$$\lim_{n \to \infty}\dfrac4n{\displaystyle\int_{0}^{1}}\dfrac{\sin\left(\frac{2v^2}{n}\right)}{2}\space\mathrm{d}v = 0$$

Therefore the initial integral is indeed convergent. Right now I am trying to find the limit but no success yet. Any thoughts and ideas will be appreciated.

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    $\begingroup$ Do you have dominated convergence at your disposal? $\endgroup$ – Cameron Williams Jan 27 '20 at 13:09
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    $\begingroup$ I think you have $\int_0^1 {\sin ^2 \left( {\frac{1}{{ny^2 }}} \right)dy} = \int_1^{ + \infty } {\frac{1}{{v^2 }}\sin ^2 \left( {\frac{{v^2 }}{n}} \right)dv}$. $\endgroup$ – Gary Jan 27 '20 at 13:12
  • $\begingroup$ @Cameroon Williams Kindly explain, that is a new concept to me. $\endgroup$ – E.Nole Jan 27 '20 at 13:13
  • $\begingroup$ @E.Nole Dominated convergence allows you to pass limits around given certain conditions holding true. If you don't know what it is, you don't have it at your disposal. $\endgroup$ – Cameron Williams Jan 27 '20 at 13:14
  • $\begingroup$ @CameronWilliams since we are currently studying measure theory, I think we can use monotone convergence theorem for this problem. Would you elaborate? $\endgroup$ – E.Nole Jan 27 '20 at 13:19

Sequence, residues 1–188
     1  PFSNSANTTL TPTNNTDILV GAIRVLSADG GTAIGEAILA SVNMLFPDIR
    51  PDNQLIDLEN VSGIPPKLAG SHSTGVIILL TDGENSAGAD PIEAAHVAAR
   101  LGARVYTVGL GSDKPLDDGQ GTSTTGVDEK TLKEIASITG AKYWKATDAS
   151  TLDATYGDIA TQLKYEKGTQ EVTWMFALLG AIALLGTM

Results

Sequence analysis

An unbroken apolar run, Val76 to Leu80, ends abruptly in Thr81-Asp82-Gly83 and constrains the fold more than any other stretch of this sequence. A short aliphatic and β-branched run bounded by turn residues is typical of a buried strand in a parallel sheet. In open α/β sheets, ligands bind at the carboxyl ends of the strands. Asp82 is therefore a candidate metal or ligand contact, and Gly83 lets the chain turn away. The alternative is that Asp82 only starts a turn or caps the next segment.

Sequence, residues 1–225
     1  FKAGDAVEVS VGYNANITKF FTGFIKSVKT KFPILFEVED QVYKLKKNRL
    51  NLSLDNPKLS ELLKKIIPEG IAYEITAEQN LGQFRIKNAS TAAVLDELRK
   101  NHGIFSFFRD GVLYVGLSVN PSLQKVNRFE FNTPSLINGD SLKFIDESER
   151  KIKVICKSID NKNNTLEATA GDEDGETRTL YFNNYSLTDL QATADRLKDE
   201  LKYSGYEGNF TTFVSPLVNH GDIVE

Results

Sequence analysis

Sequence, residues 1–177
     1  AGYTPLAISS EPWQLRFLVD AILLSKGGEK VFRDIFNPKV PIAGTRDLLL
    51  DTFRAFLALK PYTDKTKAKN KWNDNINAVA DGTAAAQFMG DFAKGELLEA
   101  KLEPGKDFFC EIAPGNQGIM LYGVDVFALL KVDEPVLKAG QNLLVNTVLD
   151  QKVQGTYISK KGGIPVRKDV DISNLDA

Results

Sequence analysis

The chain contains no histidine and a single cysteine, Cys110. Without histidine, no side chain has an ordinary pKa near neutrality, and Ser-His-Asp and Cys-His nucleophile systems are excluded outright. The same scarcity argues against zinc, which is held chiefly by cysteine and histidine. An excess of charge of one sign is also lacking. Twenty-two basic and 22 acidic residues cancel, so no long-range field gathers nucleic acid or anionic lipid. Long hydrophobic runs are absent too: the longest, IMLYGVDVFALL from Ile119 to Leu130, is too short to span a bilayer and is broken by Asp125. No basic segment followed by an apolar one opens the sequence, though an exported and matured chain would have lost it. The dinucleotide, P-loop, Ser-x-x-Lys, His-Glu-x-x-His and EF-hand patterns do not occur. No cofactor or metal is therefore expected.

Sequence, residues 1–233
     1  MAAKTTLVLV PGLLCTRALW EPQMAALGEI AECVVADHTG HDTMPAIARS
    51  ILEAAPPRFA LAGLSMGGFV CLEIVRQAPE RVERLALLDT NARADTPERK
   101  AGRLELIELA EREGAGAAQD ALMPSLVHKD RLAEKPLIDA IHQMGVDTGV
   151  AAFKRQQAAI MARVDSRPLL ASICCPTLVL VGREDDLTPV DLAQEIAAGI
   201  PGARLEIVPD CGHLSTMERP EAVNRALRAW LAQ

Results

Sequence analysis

After a change of variables the integral becomes $$I_{n}=\frac{1}{2}\int_{1}^{+\infty}\sin^2 \bigg(\frac{x}{n}\bigg) x^{-\frac{3}{2}}dx$$ Substituting $s=\frac{x}{n}$ we get $$I_{n}=\frac{1}{2\sqrt{n}}\int_{\frac{1}{n}}^{+\infty}\frac{\sin^2(s)}{s^{\frac{3}{2}}}ds \leq \frac{1}{2\sqrt{n}}\int_{0}^{+\infty}\frac{\sin^2(s)}{s^{\frac{3}{2}}}ds$$ And since $I_{n} \geq 0$ and the last integral is just a constant we conclude by the squeeze theorem $$\lim_{n \to +\infty} I_{n}=0$$

  • $\begingroup$ In the last integral, since $s$ is defined in terms of $n$ doesn't that make the last integral still dependent on $n$? $\endgroup$ – E.Nole Jan 27 '20 at 18:27
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    $\begingroup$ In the second to last yes, the left boundary depends on $n$, hence why I've bounded it with the integral in the interval $[0,+\infty]$. In the last one no: actually, it equals $\sqrt\pi$ $\endgroup$ – Gennaro Marco Devincenzis Jan 27 '20 at 18:36